The Why Files The Why Files --

Small is beautiful: Nanotech meets biology!
orange, red and black honeycomb looking image
Photo: Wikipedia
Graphene is a sheet of carbon atoms that's just a few nanometers thick. Phenomenal strength and electrical conductivity make graphene a promising component of future nanotechnology.

Nanotechnology and life: Natural marriage?

Heard the hype about nanotech -- the science that is measured in billionths of a meter? Strange things go down at this scale: Materials can be much stronger. Ultra-thin coatings can stretch the supply of expensive elements like gold or platinum. Intimate contact between atoms of different elements in nanotech structures is the basis for research on high-grade sensors, super batteries, cheaper catalysts, and better methods for processing energy.

A couple of decades ago, some techno-seers predicted that nanosize machines, or “assemblers,” would craft anything we wanted, based on their ability to manipulate atoms. That forecast, in equal parts fanciful and fearsome, has not yet come to pass, and it did raise the frightening prospect of run-amok micro-machines turning the entire globe into "gray goo."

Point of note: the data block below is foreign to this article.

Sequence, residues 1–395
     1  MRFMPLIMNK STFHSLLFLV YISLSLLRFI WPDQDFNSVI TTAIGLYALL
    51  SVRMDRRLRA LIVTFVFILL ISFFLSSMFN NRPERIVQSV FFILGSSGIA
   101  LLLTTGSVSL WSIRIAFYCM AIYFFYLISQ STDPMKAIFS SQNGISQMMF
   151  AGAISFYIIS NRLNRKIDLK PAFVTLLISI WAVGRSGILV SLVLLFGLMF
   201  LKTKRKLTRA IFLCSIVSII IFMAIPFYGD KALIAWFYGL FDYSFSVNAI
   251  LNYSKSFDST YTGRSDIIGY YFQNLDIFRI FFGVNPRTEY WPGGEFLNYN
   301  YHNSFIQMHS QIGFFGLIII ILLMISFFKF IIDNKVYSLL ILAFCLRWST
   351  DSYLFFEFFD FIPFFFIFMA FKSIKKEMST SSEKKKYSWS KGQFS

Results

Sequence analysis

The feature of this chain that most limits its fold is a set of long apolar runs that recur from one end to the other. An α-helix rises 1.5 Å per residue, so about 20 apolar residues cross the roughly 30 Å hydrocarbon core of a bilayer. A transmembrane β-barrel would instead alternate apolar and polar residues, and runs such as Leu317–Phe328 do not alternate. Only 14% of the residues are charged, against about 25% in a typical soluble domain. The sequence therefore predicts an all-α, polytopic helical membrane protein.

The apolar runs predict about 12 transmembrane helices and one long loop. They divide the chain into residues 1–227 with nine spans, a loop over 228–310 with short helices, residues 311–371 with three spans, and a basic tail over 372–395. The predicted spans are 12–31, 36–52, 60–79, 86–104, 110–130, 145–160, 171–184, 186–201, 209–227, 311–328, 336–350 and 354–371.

The real fruits of nanotech may be more pedestrian, but only slightly. The stage is now set for a second information revolution with a series of amazing new techniques for storing, processing or transmitting information, based on physical principles that totally elude the average Why-Filer.

In this Why File, we'll look at how nanotechnology is leading to:

Instruments that radically accelerate the process of chromosome mapping

More realistic ways of growing cells in the laboratory

Nano-electrodes to read faint signals from nerve cells, suggesting a more durable way to bypass an injured spinal cord


Although nano involves a lot of physics, chemistry and engineering, the nanoscale is stock in trade to biology: Life does not bother making a gram of a substance if a microgram would suffice. The DNA inside our genes is only about 2 nanometers in diameter, yet a six-foot strand contains the entire library of a human life. Proteins are just a few nanometers across, and yet their million varieties (our guessestimate) create intricate biological structures and phenomenally efficient catalysts.

At a recent meeting at the University of Wisconsin-Madison, called Nano Meets Bio: The Risks and Rewards, The Why Files caught up with some promising examples of the marriage of nanotech to biology.

Can nano help sort out your genes?

Megan Anderson, project assistant; Terry Devitt, editor; S.V. Medaris, designer/illustrator; David Tenenbaum, feature writer; Amy Toburen, content development executive

©2021, University of Wisconsin, Board of Regents.